March 5th, 2012


by Jodi Meadows

Ana's Rating

Readers Rating

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Rating: 0.0/5 (0 votes cast)


Doesn’t Incarnate have a really unique premise? Doesn’t it sound like an addictive page turner? Doesn’t it sound amazing? Yeah, well, it’s not. At all.

I mean, the cover is beautiful. The imagery is lovely. The way Meadows writes is just lyrical. But that’s really hard to enjoy when the setting is so mysterious, the main character is utterly self-deprecating, and the plot is completely focused on a romance that is just awkward to begin with.

Incarnate takes place in Range, which is a country in a fantasy world which is loosely based on our own. Range encompasses one city, called Heart, which inhabits the great majority of the million souls. Ana has lived on the outskirts of Heart for most of her life, but to discover the purpose of her existence, she must travel to the city, so this is where most of Incarnate takes place.

For the most part, I loved this world. I loved that the walls surrounding the city had a heartbeat; that’s why the city is named Heart. I loved the mysterious, door-less temple in Heart’s centre. I loved the acid-spouting dragons and the sylph, who are shadow creatures that burn to the touch. I loved the market days and the masquerade parties and the amazing, floor-to-ceiling-books library that Meadows described.

What really irked me about the setting is the mystery of the rest of the world. As I mentioned before, Range is just a country in an original, fantastical world. But Meadows never describes any part of the rest of this world. Reading Incarnate, I had so many questions.  Is Range the only country whose souls are continually reincarnated? Does the rest of the world even consider its people to have souls? What about dragons? Do they attack the rest of the world, as well? None of these questions are answered.

Next, the characters.  Ana is not a very likable protagonist. Because of her troublesome background, which is to say that she originates from an oppressive environment with an emotionally abusive mother, she is very self-degrading. Now, I’m a fairly empathetic person. If characters come from homes where their mothers tell them they’re worthless, I will sympathize with them. I will comfort them mentally. I will feel sorry for them. But when it gets to the point of every other sentence of a novel being something like: “I’m nothing. Nobody cares. I don’t deserve friends.”, I will not sympathize. I will bang my head against a wall and hope the author kills off the character in order for a new protagonist to take her place.

Enter Sam. Sam is the first person who reassures Ana that she is not some evil, soul-less creature, but rather a new soul. He takes Ana in, and cares for her. He buys her things. He’s very hospitable, really. Sam is round character, because he has so many aspects to his personality. I really rather liked Sam, actually.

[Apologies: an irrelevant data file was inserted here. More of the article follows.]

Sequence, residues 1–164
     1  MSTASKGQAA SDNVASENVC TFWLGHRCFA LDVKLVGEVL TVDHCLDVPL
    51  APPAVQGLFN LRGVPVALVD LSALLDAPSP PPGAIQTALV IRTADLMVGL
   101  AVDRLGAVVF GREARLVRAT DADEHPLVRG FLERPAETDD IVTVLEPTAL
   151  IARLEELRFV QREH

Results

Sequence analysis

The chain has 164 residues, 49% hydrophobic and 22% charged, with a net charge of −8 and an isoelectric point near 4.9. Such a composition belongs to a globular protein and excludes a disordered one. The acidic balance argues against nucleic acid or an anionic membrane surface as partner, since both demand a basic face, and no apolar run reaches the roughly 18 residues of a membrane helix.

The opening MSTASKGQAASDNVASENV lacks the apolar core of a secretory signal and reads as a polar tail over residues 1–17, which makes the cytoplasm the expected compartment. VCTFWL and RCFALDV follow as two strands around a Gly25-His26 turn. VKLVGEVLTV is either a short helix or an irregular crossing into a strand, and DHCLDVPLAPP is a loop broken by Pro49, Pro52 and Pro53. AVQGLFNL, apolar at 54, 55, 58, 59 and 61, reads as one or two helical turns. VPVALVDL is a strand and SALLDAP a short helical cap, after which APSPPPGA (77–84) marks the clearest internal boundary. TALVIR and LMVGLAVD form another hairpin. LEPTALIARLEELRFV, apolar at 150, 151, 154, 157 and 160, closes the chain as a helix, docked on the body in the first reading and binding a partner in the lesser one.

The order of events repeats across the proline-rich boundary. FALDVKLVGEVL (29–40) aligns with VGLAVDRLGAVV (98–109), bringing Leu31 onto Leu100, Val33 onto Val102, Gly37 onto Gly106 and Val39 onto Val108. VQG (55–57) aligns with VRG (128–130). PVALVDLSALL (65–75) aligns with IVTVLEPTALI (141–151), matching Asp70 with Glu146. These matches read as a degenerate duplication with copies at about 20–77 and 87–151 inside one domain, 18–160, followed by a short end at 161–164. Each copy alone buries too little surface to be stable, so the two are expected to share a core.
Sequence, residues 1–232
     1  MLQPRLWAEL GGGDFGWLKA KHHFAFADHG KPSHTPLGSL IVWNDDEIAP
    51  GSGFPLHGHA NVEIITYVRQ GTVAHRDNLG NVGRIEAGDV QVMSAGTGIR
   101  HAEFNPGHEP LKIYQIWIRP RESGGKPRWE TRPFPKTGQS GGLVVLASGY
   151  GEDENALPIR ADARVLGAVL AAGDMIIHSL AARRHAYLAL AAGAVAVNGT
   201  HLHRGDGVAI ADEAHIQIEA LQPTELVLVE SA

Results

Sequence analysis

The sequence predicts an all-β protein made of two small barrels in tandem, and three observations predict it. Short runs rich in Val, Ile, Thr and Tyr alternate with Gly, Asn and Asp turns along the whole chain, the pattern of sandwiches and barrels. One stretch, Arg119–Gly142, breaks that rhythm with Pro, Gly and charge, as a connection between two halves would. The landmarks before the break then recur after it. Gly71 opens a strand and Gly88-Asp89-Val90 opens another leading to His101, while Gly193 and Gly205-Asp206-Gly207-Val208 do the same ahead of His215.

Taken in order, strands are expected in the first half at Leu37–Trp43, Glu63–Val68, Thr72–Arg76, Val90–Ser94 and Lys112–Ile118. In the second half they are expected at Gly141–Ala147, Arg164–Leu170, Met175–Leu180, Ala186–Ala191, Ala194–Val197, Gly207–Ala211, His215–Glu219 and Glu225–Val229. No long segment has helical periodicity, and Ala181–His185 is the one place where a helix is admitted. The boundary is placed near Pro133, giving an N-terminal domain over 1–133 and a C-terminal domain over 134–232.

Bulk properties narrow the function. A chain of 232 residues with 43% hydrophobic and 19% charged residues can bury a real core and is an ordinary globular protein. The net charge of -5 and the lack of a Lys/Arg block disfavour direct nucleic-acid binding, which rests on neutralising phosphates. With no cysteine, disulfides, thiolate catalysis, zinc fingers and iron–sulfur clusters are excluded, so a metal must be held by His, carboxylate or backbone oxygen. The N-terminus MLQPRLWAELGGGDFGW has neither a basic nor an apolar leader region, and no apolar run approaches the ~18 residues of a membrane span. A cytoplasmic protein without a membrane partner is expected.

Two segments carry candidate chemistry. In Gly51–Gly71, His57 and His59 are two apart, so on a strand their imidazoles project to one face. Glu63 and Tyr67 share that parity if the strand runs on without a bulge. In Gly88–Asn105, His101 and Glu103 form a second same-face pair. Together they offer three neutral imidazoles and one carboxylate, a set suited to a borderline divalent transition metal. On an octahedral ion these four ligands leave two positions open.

I’m going to mention Incarnate’s other characters– oh, wait. I have nothing to say. These characters basically don’t exist.  This really upsets me. I feel like they could have been so much more, they had so much potential, but Meadows limits them, she doesn’t allow them to develop, opting to focus on the romance between Sam and Ana.

Ana and Sam’s romance was actually really hard for me to grasp. I just couldn’t relate to it. I’m blaming this on Meadows’ interpretation of reincarnation. In Incarnate, each soul can be born as male or female in different lifetimes. This means that Sam, the love interest in this book, has been a girl many times before. This just made reading the book really awkward, especially during scenes that consist pretty much of the following dialogue:

SAM: So, I’ve got some girl stuff in the bathroom if you need it.

ANA: What? Do you just keep all this stuff around in case a girl comes to stay awhile?

SAM: No, it’s mine.

ANA: Oh, okay.

Can you say uncomfortable?

Speaking of the romance between Sam and Ana, I feel as though it really restricted the development of the plot.  When I picked up this book, I was hoping for a storyline based on a road to self-discovery. I was hoping for a journey that ended with some sort of enlightenment. I was hoping for a good plot.

Instead, what I do get stuck with? A girl who promises that she’s on this path to discover the purpose of her existence, but then completely forgets her goal as she falls for a guy who’s, like, three thousand years older than her. Yep. That’s determination, right there.

And what’s worst? During Incarnate, Sam mentions that he and Ana share the same birthday. The next day, Ana find out that Sam’s birthday is actually two weeks before hers. Later on, Ana notices that Sam sneaks out at night, after he believes that she is asleep. Does she confront him about any of these things? No. Does she even call him out on any of these things? No. Does she completely forget that he lied to her and is going behind he back? Yes, yes, she does.

Finally, Meadows had a unique, interesting, amazing concept. And she could have taken this and ran with it, and developed it, and made it into something marvelous. Instead, she chose to kill the plot and her readers by bestowing us with *cringe* Ana. And that’s just so disappointing. Incarnate gets 2/5 stars.


I’ll keep you posted,


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